# 1.2 Number Puzzles and Sequences - Excercise 1c

Posted by Gustav Bertram
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 1.2 Number Puzzles and Sequences - Excercise 1c May 01, 2008 05:18PM Registered: 11 years ago Posts: 41 Rating: 0
Hi,

I did the exercises for this section, and I derived a different recursive formula for 1c. I was wondering if I could prove the book answer and my answer are equivalent.

Given the sequence (2, 5, 10, 17, 26, 37...), describe the recursive formula.

I said:
a sub n = (sqrt(a sub n-1 - 1) + 1)^2

The book said:
a sub n = a sub n-1 + (2n -1)

I know both are correct, but is there a way to prove it?

Also, this notation is somewhat clumsy. Is there any way we can attach images to messages, or use TeX or another standard ascii maths notation?
 Re: 1.2 Number Puzzles and Sequences - Excercise 1c May 12, 2008 10:41AM Registered: 11 years ago Posts: 31 Rating: 0
The sequence is 2,5,10,17,26,...

If I understand it correctly, you give the recursive formula as

a sub n = (sqrt(a sub n-1 - 1) + 1)^2

Now take n = 3. (I use indexing to make reading easier.)

a(3) = (sqrt(a(2) - 1) + 1)^2
= (sqrt(5-1) + 1)^2
= (2+1)^2
= 9

which is not correct.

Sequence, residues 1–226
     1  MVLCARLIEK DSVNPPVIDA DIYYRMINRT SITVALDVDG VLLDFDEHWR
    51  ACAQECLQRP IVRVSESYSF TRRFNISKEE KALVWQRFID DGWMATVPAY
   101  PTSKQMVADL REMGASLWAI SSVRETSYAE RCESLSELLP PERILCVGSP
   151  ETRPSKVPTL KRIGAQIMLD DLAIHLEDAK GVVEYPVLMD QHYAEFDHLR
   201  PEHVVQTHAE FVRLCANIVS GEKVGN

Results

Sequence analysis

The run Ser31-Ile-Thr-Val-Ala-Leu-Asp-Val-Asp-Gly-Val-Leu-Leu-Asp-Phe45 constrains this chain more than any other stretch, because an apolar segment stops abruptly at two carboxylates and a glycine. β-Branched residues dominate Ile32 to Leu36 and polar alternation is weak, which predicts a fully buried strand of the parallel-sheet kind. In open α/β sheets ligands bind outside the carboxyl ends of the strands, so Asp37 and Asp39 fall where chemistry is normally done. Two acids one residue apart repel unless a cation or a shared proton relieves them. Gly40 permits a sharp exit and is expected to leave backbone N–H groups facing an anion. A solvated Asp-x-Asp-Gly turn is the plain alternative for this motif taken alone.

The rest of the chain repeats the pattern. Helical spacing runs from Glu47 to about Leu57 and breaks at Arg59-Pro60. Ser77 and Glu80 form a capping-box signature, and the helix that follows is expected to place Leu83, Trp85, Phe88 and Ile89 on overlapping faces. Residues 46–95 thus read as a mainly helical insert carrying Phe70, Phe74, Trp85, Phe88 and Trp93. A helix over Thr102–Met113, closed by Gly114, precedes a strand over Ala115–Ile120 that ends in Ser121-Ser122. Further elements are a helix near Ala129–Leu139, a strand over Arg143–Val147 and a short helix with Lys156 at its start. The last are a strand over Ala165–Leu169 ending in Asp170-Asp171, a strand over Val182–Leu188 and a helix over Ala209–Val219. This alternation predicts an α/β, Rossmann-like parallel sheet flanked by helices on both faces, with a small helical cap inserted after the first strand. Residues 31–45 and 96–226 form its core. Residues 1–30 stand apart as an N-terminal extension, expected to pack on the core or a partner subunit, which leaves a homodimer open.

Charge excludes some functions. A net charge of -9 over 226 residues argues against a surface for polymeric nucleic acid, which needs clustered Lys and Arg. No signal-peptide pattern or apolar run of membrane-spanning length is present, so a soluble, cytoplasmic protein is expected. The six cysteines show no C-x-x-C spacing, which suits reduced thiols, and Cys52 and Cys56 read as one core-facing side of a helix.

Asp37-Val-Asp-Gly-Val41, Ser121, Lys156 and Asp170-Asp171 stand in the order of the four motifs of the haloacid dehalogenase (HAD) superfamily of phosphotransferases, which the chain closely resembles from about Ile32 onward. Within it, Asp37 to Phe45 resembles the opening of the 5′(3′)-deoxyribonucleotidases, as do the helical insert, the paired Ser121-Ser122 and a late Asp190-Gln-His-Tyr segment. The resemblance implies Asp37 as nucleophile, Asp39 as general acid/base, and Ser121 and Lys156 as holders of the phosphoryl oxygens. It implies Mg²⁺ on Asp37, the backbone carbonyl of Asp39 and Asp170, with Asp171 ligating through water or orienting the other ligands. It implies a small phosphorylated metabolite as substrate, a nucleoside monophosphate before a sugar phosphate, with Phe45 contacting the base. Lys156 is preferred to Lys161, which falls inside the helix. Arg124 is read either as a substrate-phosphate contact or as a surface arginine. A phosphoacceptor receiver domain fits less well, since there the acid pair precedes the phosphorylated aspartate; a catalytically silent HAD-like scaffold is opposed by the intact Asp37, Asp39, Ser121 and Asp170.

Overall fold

The correct recursive formula is a(1) = 2
and a(n) = a(n-1) + (2n - 1)

E.g. a(3) = a(2) + (2.3 - 1)
= 5 + 5
= 10
 Re: 1.2 Number Puzzles and Sequences - Excercise 1c May 15, 2008 11:54AM Registered: 11 years ago Posts: 41 Rating: 0
Hi,

My bad - I typed in my formula incorrectly. 1 should be added to the result. My correct formula is:

a_n = (\sqrt{a_{n-1} - 1} + 1)^2 + 1

Notation notes:
I'm using AMS-LaTeX notation.
_ is a notation for subscript
a_1 would be a sub 1.
\sqrt[x]{y} is the x'th root of y. With [] omitted, square root is assumed.
\sqrt{2} would be the cube root of 2.
{} are non-displaying grouping indicators.
^ is a notation for superscript.
a^2 would be a to the power 2.

When n = 3:

a_3 = (\sqrt{a_2 - 1} + 1)^2 + 1
= (\sqrt{5-1} + 1)^2 + 1
= (2 + 1)^2 + 1
= 9 + 1
= 10

Which is correct.

Take n = 4:
a_4 = (\sqrt{a_3 - 1} + 1)^2 + 1
= (\sqrt{10-1} + 1)^2 + 1
= (3 + 1)^2 + 1
= 16 + 1
= 17

And so on.

Is there some way I can prove that my formula is equivalent to the given formula?
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